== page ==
Some suggestive Nordic Facebook stats

Facebook is a “gefundenes fressen” for a researcher as the site provides a lot of statistics to play with, if you know where to look (though I do not know how realiable it is). Thus, following up on my previous post, I here present what the profile ratio (according to Facebook) are for the Nordic countries as of just after midnight October 12th:

Sweden: 485.959 profiles (41% female, 39% male, 20 ND)
Norway: 383.574 profiles (43% female, 43 male, 14% ND)
Finland: 96.758 profiles (44% female, 31% male, 22%ND)
Denmark: 68.156 profiles (37% female, 35% male, 28% ND) 

Numbers do definitely indicate that Denmark seem to be the last Nordic country to move into Facebook.  Meanwhile, the Nordic countries are similar in one regard (not surprising, I suspect):  it appears that an almost equal number of men and women use the site (note that in Finland 13% more women than men seem to have created a profile)

However, if we relate the number of profiles to the population, we can see that the statistics look a bit different:
8,1% of the Norwegian population has a profile on Facebook 
[population: 4.719.366]
5,3% of the Swedish population has a profile on Facebook
[population: 9.150.508]
1,8 % of the Finnish population has a profile on Facebook
[population: 5.291.756]
1,2 % of the Danish population has a profile on Facebook
[population: 5.457.415]

Finally, Denmark may be last, but in the long run not least (??):  the growth rate of Danes creating a profile seem to be exploding at the moment. When I looked at FB around midnight, in about 5 minutes 6 more Danes showed up in the Denmark network stats. If that is indicative and we say around 1 Dane per minute signs up to Facebook these days, 1440 Danes currently sign up per day (24-hours) – equivalent to around 0.02% of the population. If this growth rate continues, almost 1% more (0.8% in fact) of the Danes might enter Facebook within the next month! 

NB! In all cases, it’s profiles, not active presences. The number of people actively using the site over a substantial period of time are likely to be somewhat (much?) smaller – at least, I believe there is some truth to the Second Life numbers unreliability debate, a phenomena (of potential boosted and difficult-to-relate-to numbers) that Facebook might be mimicking, along with all other social network sites that just display number of profiles.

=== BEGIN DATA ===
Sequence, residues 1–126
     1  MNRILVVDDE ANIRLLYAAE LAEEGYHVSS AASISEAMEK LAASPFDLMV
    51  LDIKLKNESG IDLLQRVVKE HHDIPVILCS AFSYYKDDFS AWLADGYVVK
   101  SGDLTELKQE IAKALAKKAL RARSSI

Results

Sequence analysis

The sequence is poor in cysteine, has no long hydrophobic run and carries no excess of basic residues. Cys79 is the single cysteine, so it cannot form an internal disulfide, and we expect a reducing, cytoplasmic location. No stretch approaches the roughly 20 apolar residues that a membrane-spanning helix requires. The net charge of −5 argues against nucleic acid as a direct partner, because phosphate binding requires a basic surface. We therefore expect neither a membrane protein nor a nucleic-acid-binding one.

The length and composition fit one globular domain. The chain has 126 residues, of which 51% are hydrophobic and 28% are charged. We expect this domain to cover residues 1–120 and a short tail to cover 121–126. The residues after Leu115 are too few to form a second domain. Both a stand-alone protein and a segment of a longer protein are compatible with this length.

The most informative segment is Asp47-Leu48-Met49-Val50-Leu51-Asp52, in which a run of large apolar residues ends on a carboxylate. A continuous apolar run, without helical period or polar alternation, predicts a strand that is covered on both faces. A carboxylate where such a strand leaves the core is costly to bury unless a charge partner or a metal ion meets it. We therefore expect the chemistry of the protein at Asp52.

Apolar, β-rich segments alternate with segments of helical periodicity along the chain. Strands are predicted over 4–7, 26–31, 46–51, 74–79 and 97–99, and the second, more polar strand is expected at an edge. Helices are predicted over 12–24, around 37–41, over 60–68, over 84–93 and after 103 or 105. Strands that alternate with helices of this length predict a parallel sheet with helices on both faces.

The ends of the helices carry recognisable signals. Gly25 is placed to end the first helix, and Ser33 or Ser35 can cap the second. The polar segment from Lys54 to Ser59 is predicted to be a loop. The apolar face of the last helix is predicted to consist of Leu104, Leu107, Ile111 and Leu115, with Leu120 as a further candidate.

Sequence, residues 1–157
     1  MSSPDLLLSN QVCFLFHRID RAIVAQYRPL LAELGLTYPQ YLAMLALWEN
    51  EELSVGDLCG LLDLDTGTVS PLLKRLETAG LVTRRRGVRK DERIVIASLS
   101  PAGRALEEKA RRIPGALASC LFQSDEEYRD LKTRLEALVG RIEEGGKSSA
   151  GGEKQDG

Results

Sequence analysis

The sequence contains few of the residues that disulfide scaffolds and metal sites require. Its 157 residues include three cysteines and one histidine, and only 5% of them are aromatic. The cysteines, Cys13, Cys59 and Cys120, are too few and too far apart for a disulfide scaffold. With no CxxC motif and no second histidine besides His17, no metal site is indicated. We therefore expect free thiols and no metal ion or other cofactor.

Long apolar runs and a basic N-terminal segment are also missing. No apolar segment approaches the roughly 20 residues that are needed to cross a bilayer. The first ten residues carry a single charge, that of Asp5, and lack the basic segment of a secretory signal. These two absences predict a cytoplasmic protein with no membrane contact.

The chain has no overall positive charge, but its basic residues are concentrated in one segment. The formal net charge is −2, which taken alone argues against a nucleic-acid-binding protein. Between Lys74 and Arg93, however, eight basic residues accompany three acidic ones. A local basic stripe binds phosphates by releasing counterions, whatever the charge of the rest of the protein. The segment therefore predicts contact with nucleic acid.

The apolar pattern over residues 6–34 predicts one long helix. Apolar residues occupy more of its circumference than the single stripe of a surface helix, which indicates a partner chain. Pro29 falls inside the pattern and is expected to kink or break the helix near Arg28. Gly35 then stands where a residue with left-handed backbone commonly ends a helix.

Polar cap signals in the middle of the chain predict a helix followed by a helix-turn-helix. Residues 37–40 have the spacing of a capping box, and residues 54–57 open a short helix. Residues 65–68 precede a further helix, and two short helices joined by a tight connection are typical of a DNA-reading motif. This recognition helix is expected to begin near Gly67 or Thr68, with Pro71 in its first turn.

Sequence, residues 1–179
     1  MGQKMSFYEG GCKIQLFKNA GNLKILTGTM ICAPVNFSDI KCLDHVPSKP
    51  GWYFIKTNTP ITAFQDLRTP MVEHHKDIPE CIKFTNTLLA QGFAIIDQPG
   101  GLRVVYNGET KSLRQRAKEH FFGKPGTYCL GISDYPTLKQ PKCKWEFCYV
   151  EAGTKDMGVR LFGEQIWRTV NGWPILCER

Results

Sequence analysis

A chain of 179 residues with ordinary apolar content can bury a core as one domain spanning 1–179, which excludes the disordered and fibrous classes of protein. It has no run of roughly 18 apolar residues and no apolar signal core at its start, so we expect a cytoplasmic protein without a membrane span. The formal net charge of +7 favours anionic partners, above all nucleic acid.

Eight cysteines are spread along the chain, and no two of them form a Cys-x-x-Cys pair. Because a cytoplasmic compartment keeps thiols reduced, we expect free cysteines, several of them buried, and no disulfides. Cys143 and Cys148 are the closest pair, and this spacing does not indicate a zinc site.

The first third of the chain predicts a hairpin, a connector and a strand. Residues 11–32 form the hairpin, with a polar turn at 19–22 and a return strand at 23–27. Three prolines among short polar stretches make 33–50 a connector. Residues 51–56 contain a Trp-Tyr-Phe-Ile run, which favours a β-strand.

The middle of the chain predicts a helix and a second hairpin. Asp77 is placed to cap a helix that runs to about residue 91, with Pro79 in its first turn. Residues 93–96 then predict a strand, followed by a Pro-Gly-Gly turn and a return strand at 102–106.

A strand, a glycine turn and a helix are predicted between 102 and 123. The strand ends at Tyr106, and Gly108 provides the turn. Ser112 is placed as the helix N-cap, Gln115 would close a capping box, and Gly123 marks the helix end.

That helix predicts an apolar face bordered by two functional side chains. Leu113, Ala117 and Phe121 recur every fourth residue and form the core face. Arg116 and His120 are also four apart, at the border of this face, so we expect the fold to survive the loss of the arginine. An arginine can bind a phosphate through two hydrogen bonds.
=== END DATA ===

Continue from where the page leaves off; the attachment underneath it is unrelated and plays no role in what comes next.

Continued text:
Why Denmark is at the bottom of the hierarchy? I havent done research into that and right now do not know much about the research disciplines that might help me answer the question. One guess would be that uptake depends on a combination of media attention (“press” that make people go and try out the thing) and the current interests of “first movers” within the country/culture, followed by a tipping point at which a substantial critical mass is reached that just keeps the ball rolling. When the happy combination emerge might be quite random from a historical perspective. But it might also be a question of cultural differences and traditions in the Nordic countries. I need to read up on all this. Fascinating, though!

Bonusinfo I
If you wonder, population statistics are drawn from the official pages of the respective countries’ offices of statistics and numbers are all from around August or later this year.
Statistics Norway
Statistics Sweden
Statistics Finland
Statistics Denmark

Bonusinfo II
The IT University network now has 489 members. I believe it was less than 100 before the summer holidays…

Disclaimer (journalists please read this): if you choose to quote numbers from this post, please cite the source and remember that what I present here is not necessarily scientifically reliable, nor generally true. It is just indicative numbers that I have played around with.

2 Comments

Ken LeyOctober 16th, 2007 at 5:32 pm

Really interesting material. The interesting part about Facebook (like it is for LinkedIn) is:

– “How many ppl have actually used Facebook to get their present job?”
– “How many have used Facebook to track down material for a school assignment?”
– “How many have used Facebook to find the right sources for a job task?”
– “How many have found their soulmate, girlfriend/boyfriend in Facebook?”

And so on and so forth. I’m trying to study the virtual world of Second Life myself, and it’s perfectly clear to me, at the fact that around 10 million avatars have now been created in the digital LindenLab-room is totally useless and irrelevant to me. Unlike the fact that more than 50000 are actually online at the same time through peek hours (around noon San Francisco-time).

We need to know, what the users actually DO, when they’re on 🙂

Buuuut if I know you well enough, Lis, you’re already thinking about that too.

AnneOctober 21st, 2007 at 10:26 am

Ken Ley, I find all your questions surprising…

In my experience, Facebook is not a place where people find anything or get to know anyone but solely a tool for organising existing connections and keeping in touch. Even more than Linked In… because LinkedIn allows you to browse your connections’ connections.

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